The internet makes it easy to access news, but that can be both a blessing and a curse. Just as there's a lot of misinformation circulating about COVID-19 itself, there's also a fair amount of false data to be heard about Social Security. Buying into the following myths is apt to make an already stressful period of life even more harrowing, so don't fall into these traps.
1. COVID-19 will wipe out Social Security completely
Social Security's primary source of revenue is payroll taxes. This year, employees pay a 12.4% tax on up to $137,700 in earnings. Salaried workers pay half of that 12.4%, and the companies they work for pay the other half. Self-employed workers, meanwhile, pay the entire 12.4%.
Because so many Americans are currently out of a job, and therefore aren't subject to payroll taxes on their wages, it's clear that Social Security is not only losing revenue at present, but it's likely to do so for much of the year. While that may constitute a financial setback for Social Security, there's no reason to believe it will doom the program forever. Once the economy recovers, we're apt to see the unemployment rate decline, at which point Social Security will get to enjoy a healthier revenue stream. Even if current unemployment levels hold steady for another year, it won't be enough to wipe the program out -- not even close.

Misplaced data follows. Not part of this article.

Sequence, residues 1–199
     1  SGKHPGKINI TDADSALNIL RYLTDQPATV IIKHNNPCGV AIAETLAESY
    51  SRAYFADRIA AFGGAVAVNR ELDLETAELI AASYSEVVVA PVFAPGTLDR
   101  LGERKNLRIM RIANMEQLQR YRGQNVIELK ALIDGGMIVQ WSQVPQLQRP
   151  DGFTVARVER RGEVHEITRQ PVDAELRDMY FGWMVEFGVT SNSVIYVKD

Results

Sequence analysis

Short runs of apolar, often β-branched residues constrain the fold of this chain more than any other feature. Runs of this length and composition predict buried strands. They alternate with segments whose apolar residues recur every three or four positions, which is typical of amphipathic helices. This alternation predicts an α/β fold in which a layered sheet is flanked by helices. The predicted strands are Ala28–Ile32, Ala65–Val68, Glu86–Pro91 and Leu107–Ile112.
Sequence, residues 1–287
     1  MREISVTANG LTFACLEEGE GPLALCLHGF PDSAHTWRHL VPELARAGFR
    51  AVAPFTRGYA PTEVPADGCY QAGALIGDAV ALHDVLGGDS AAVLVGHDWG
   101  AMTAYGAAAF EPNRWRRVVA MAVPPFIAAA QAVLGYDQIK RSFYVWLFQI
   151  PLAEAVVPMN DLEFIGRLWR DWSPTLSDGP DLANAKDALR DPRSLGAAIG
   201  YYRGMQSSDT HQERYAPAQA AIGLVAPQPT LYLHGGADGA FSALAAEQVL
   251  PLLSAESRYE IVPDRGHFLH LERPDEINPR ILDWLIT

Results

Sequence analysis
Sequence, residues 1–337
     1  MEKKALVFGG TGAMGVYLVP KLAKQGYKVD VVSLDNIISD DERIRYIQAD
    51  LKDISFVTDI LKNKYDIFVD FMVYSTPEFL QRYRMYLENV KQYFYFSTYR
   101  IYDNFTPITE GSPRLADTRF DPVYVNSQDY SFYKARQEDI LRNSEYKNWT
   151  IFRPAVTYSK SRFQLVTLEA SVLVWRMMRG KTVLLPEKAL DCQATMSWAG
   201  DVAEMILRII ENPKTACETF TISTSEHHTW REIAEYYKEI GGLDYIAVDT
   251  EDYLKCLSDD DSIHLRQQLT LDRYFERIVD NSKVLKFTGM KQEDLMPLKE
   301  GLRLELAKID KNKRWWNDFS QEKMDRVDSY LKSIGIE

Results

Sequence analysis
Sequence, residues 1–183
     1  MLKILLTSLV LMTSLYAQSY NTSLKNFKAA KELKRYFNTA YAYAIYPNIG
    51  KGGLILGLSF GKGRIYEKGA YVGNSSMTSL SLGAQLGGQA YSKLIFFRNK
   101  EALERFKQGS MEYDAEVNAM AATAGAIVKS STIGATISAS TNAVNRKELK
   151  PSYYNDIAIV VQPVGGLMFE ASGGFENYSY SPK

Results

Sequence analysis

2. You can't apply for Social Security during the COVID-19 crisis
Back in March, Social Security closed its field offices in an effort to support social distancing and protect our most vulnerable population. As such, you may be led to believe that you can't file for benefits.
Thankfully, that's not true. You can easily create a Social Security account online and register for benefits when you're ready -- provided you're at least 62 years of age.
3. Social Security recipients who lose their jobs during COVID-19 can't claim unemployment benefits
Some people work and receive Social Security benefits simultaneously. If that's your situation and you lose your job, you might assume that collecting Social Security will render you ineligible for unemployment benefits. But again, that's not true.
It used to be the case that some states would reduce your unemployment benefits if you were collecting Social Security at the time of your filing, but that practice has been eliminated. As such, you can tap both income sources if you're out of work during the pandemic.
Furthermore, if you collect both Social Security and a paycheck from work prior to reaching full retirement age, you may have some benefits withheld if your work income exceeds what's known as the earnings test limit. But unemployment benefits don't count as wages toward that limit, so they shouldn't impact your Social Security income at all.
At a time when there are so many reasons to be anxious, the last thing you need is to fall victim to misinformation. Avoid buying into the above myths, and you'll spare yourself some unnecessary stress.